OK, nitpicking, because right from the start, the audience is in for a treat. The set is damn near as breathtaking as the first view of the magnificent Picton Library: a tome lined, almost tomb like chamber; hidey hole for him, a whole new world for her. Dominated by a low, tilted circular ceiling cum screen, this is somewhat under-used; after a whizz through 1970s images, there’s just a close-up and details from a painting Rita admires.


Perhaps one of the most amazing things about this play and its long shelf life, you could say, is that given this solitary location, it is gripping, with remarkable, sparkling dialogue matched by first rate actors. Rita, passionate, determined, and goodness, so brave and funny, is a completely enchanting heroine. And genuinely so, embarking on her quest, and succeeding, against all the odds. It helps of course that she is so attractive, in her trendy clothes – yes, even for the 70s. Frank is stuck with his cardies, in a kind of monochrome uniform.


And for an erudite man, he should know a lot better as the roles shift, his mentor bewitched by her muse. Harking back to Pygmalion and Galatea, Rita is far more than raw material to be moulded, or indeed, owned. Initially, she feels she has not the mind or the language to express her feelings and thoughts, similarly, words can barely do justice to Leane Best’s performance – as if born to play this role. Meanwhile, Con O’Neill almost eradicates thoughts of Michael Caine though just as well he’s playing a drunk; at times, his voice is strained almost to the point of speechlessness.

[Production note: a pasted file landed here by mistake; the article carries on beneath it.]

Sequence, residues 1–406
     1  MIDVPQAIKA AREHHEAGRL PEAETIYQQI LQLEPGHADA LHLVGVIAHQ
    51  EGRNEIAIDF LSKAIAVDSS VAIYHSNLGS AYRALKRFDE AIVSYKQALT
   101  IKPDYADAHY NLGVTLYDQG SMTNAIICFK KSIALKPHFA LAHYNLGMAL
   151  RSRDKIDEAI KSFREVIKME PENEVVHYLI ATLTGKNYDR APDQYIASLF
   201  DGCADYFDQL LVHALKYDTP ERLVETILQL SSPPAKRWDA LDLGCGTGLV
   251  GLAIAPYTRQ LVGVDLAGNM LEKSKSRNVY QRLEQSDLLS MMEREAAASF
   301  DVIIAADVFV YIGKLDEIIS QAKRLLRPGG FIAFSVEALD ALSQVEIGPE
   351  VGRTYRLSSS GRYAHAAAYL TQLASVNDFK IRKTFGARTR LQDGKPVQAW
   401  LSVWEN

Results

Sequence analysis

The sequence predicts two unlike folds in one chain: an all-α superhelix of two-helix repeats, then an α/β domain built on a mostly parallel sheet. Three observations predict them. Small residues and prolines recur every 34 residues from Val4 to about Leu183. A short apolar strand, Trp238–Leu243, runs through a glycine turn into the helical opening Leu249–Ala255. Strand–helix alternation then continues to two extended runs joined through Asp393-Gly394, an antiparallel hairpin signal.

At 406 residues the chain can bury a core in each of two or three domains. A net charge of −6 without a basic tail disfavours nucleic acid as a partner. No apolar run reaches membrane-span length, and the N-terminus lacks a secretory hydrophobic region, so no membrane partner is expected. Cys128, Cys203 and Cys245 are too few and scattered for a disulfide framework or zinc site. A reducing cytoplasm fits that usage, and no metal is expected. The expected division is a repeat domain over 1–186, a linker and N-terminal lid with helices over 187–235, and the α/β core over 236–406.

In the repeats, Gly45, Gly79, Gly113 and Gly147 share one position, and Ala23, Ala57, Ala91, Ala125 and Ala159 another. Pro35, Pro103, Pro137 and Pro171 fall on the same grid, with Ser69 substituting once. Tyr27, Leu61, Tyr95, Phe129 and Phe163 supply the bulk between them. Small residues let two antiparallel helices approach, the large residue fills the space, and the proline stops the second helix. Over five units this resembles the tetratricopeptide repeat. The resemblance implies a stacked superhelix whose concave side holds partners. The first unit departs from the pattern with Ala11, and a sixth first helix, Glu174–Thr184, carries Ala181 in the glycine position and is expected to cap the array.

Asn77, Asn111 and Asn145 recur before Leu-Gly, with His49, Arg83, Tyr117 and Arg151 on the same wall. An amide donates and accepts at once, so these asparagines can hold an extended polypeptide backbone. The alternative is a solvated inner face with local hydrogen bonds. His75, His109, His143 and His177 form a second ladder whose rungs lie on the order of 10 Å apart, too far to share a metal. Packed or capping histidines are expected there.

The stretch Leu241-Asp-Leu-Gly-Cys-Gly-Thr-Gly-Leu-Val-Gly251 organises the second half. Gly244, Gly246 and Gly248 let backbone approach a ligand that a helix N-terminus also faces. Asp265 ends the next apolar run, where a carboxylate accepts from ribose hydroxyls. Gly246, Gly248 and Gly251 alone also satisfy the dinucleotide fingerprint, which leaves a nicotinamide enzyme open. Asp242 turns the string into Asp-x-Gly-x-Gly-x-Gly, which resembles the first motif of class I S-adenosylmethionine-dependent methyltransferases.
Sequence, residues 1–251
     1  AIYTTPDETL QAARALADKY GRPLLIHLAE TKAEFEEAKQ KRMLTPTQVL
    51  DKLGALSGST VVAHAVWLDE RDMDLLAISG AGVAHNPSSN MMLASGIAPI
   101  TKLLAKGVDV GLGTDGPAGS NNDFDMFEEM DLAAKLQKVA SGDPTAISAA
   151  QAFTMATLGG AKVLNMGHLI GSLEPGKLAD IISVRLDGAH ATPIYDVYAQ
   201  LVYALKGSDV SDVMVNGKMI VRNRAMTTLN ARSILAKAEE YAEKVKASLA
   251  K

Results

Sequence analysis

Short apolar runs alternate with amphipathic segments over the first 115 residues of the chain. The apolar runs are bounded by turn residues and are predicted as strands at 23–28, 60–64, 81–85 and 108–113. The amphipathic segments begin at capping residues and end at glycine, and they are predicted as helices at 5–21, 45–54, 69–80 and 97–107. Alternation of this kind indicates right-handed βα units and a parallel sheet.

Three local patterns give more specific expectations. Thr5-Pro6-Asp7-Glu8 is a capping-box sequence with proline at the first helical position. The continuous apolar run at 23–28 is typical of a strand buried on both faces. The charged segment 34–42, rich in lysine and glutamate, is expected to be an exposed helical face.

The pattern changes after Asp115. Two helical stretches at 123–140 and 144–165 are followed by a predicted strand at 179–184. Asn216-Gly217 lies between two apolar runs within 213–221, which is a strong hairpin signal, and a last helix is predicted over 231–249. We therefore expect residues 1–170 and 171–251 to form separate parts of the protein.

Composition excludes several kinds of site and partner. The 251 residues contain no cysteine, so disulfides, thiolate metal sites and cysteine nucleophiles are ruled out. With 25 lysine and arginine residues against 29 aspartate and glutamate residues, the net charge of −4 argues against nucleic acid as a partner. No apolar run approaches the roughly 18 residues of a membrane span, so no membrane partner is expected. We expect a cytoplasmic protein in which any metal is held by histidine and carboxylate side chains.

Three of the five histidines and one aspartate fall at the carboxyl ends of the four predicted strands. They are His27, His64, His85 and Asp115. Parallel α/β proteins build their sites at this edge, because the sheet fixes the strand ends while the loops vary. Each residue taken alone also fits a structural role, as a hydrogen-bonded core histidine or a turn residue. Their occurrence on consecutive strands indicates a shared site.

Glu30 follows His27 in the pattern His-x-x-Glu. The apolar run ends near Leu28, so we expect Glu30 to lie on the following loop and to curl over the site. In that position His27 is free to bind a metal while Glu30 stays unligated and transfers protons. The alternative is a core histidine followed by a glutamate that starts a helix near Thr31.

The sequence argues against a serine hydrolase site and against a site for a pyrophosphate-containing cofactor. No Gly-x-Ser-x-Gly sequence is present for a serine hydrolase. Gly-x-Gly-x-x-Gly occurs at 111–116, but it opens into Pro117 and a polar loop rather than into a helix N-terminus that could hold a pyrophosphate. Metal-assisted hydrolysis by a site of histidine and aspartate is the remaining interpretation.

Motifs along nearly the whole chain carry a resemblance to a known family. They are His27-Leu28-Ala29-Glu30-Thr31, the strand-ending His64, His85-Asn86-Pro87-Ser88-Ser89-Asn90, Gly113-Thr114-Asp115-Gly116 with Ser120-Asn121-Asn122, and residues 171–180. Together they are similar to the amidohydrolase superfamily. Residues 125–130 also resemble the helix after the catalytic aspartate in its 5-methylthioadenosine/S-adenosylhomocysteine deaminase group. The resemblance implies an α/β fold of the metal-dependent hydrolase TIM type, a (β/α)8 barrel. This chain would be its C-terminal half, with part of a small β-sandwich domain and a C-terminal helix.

There was of course, a standing ovation, for the actors, Willy Russell, the play, and for Liverpool – tickets have nearly sold out, so make sure of yours.




February 2


UK based women over 21


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Red Squirrel Press

January 31
Red Squirrel Press Annual James Kirkup Memorial Poetry Competition
& Annual Sara Park Memorial Short Story Competition